be calibrated to obtain growth rate of the film.

X-ray Diffraction (XRD) Since the goal of this work to develop ohmic contacts to

In0.53Ga0.47As layers for application to InP based HBTs, it was important to grow defect

free In0.53Ga0.47As films, lattice matched to InP. The stoichiometry of the grown films

were verified by X-ray diffraction (XRD) technique. XRD was also used to estimate

the amount of strain in degenerately doped thin films [46].

Atomic Force Microscopy Films were also characterized by atomic force mi-

croscopy (AFM) to study the RMS roughness of the films, especially for heavily doped

films. For heavily doped p-type In0.53Ga0.47As films, the dopant carbon tends to segre-

gate and forms clusters deteriorating the rms roughness of the films.

Electrical Characterization

Hall Measurements To determine the active carrier concentrations, mobility and

sheet resistance of the fims, a combination of Hall and van der Pauw technique was

used. According to van der Pauw, there are two characteristic resistances RA and RB,

23

Chapter 1. Introduction

Figure 1.9: Schematic illustrating van der Pauw technique [4]

associated with the corresponding terminals shown in Fig. 1.9. van der Pauw equation

(equation 1.11) relates RA and RB to the sheet resistance, Rs [4] [5].

exp(−πRA/Rs) + exp(−πRB/Rs) = 1 (1.11)

Hall effect measurement is then used to calculate the sheet carrier density (ns) and

mobility (µs). Using the arrangement shown in figure 1.10, ns, µs and Rs are related

by equations 1.11, 1.12 and 1.13 [4][5].

ns = IB/qVH (1.12)

24

Chapter 1. Introduction

Figure 1.10: Schematic illustrating (a) Hall effect (b) sample geometry for ns and µsmeasurements [4].

µ = VH/RSIB = 1/(qnsRs) (1.13)

where I is the current and B is the magnetic field.

Capacitance-Voltage (CV) Measurements CV measurements were done on Schot-

tky diodes made to n-type and p-type In0.53Ga0.47As to calculate the barrier height [5].

The capacitance per unit area of a Schottky diode is given by:

C/A =

√√√√ ±qεsεo(NA −ND

2± Vbi ± V − kT/q(1.14)

where + sign is used for p-type (NA > ND) samples and − sign is used for n-type

(ND > NA) samples. The barrier height and the built-in potetianl are related by:

25

Chapter 1. Introduction

Figure 1.11: 1/C2 versus applied bias plot for φB measurement [5]

φB = Vbi + Vo (1.15)

Vo = (kT/q)ln(Nv/NA) (1.16)

where Nv is the valence band density of states. By plotting 1/(C/A)2 against V,

one obtains a curve with the intercept on voltage axis, Vi = −Vbi + kT/q.

The barrier height is then determined as:

φB = −Vi + Vo + kT/q (1.17)

26

Chapter 1. Introduction

The slope of curve can used to calculate the doping density by;

slope = 2/(2qεsεoNA) (1.18)

27

Chapter 2

Transmission Line Model (TLM)structures

In this work, the specific contact resistivity, ρc for metal-semiconductor contact

was extracted using transmission line model (TLM) structures. The TLM method was

developed by Berger [47]. Figure 2.1 shows the circuit diagram describing the metal-

semiconductor contact. In the contact region, the current and the voltage differential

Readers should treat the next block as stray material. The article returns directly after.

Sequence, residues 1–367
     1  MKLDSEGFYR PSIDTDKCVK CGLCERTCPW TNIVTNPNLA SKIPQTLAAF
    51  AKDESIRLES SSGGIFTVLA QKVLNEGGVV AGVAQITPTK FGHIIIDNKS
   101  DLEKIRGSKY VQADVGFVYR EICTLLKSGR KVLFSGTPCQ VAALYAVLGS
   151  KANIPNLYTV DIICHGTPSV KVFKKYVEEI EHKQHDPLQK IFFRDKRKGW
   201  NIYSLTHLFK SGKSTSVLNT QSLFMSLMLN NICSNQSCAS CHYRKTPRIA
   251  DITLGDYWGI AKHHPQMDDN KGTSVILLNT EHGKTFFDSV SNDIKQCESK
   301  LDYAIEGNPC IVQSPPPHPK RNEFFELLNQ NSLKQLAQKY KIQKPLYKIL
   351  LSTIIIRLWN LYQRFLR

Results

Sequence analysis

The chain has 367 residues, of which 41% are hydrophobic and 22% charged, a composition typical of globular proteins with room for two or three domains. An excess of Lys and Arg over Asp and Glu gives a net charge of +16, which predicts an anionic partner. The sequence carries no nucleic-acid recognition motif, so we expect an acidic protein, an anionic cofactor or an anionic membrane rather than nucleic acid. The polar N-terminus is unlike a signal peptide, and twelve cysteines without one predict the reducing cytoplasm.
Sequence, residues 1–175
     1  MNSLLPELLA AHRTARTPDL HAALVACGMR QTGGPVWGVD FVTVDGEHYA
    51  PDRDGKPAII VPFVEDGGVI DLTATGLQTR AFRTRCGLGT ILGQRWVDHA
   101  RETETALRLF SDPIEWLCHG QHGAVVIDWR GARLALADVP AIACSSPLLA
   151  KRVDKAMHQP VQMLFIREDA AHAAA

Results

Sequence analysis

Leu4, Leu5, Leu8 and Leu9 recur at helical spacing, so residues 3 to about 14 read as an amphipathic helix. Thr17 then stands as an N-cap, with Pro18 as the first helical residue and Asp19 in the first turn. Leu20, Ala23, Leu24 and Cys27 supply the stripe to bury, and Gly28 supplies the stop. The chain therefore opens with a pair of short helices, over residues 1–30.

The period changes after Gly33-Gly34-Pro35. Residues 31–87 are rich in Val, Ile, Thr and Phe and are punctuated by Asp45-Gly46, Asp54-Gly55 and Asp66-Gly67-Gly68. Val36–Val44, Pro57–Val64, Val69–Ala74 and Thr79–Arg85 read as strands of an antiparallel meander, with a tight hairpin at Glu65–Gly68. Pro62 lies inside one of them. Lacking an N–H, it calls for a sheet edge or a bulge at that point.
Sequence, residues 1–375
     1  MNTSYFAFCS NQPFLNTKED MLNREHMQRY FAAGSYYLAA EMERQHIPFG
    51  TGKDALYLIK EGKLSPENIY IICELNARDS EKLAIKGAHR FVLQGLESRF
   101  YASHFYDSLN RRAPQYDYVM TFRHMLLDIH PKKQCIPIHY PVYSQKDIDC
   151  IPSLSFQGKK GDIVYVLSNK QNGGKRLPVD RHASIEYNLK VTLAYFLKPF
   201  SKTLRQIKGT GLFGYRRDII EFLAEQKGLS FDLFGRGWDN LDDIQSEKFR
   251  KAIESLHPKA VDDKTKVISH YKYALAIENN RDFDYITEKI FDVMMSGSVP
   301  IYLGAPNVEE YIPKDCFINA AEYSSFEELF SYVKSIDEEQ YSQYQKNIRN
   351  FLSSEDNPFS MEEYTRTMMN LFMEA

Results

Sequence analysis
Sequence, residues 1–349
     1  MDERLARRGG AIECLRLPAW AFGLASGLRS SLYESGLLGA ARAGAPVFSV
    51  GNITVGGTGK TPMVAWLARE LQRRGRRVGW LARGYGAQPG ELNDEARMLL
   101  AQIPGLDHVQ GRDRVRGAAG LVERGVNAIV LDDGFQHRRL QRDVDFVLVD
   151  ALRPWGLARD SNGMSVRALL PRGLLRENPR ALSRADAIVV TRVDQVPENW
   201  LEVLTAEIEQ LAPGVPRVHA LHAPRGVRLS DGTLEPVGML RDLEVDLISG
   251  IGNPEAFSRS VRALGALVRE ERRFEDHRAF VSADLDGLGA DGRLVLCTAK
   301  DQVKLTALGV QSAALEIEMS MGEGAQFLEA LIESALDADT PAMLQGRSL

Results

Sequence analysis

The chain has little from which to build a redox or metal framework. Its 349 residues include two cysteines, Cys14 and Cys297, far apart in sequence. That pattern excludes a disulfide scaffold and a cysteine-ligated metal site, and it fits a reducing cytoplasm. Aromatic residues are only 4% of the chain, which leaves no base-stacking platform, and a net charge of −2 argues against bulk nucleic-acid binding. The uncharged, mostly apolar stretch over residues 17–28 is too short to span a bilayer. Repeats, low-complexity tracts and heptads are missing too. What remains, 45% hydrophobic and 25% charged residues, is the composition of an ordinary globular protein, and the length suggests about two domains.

equations are given by:

V′(x) =

Rs

WI(x)dx (2.1)

I′(x) =

W

ρcV (x)dx (2.2)

28

Chapter 2. Transmission Line Model (TLM) structures

Figure 2.1: Cross-sectional circuit model for transmission line model structures

Combining equations 2.1 and 2.2 results in

d′′V (x) =

Rs

ρcV (x) (2.3)

The general solution for V (x) and I(x) are

V (x) =ILTRs

W

coshd−xLT

sinh dLT

(2.4)

I(x) = Isinhd−x

LT

sinh dLT

(2.5)

where d is the total contact length, W is the contact width, I is the current flowing

into the contact. The term LT =√ρc/Rs is known as the transfer length of the contact

and is defined as the length over which the voltage drops by 1/e along the contact. The

29

Chapter 2. Transmission Line Model (TLM) structures

total contact resistance is then given by

Rc =V (0)

I(0)=

√ρcRs

Wcoth(

d

LT) (2.6)

Usually, d > 1.5LT , for which coth( dLT

) ≈ 1. Therefore,

Rc =

√ρcRs

W(2.7)

ρc ≈W 2R2

c

Rs

(2.8)

The resistances measured for a TLM structure with a gap, Lgap, between the contact

metal pads follows the relation

Rmeasured = 2ρc/WLT +RsLgap/W (2.9)

Resistance measurement on TLM structures with different Lgap results in a plot

shown in figure 2.2.

From equation 2.9

Rc = ρc/WLT (2.10)

30

Chapter 2. Transmission Line Model (TLM) structures

Figure 2.2: Variation of electron concentration and mobility with Si atomicconcentration

slope = RsLgap/W (2.11)

ρc can be calculated using equations 2.8, 2.10 and 2.11.

2.1 Design of TLM structures

Since the aim of this work was to develop ultra low resistance ohmic contacts, it

was important to design test structures carefully to accurately determine the contact

resistivity. In our test structures, we used separate pads for driving the current and

for measuring the potential drop (four point probe measurement). This eliminates the

31

Chapter 2. Transmission Line Model (TLM) structures

Figure 2.3: Scanning electron micrograph of the previous TLM structures used in ourgroup.

parasitic resistances (probe as well as probe contact resistance) during measurement.

However, it may still include the resistance due the metal. Figure ?? shows the TLM

structures that were used previously for extracting the contact resistivity. For this TLM

structure, the measured resistance,

Rmeasured = 2ρc/WLT +RsLgap/W −Rm′ (2.12)

contains contribution contribution Rm′ from the sheet resistivity (ρm/Tm) of the

contact metal. Here ρc is the metal-semiconductor contact resistivity, Rs the semicon-

ductor sheet resistivity, LT =√ρc/Rs the transfer length, ρm the bulk metal resistivity

and Tm the contact metal thickness. The dimensions W and Lgap are defined in Fig 2.3.

32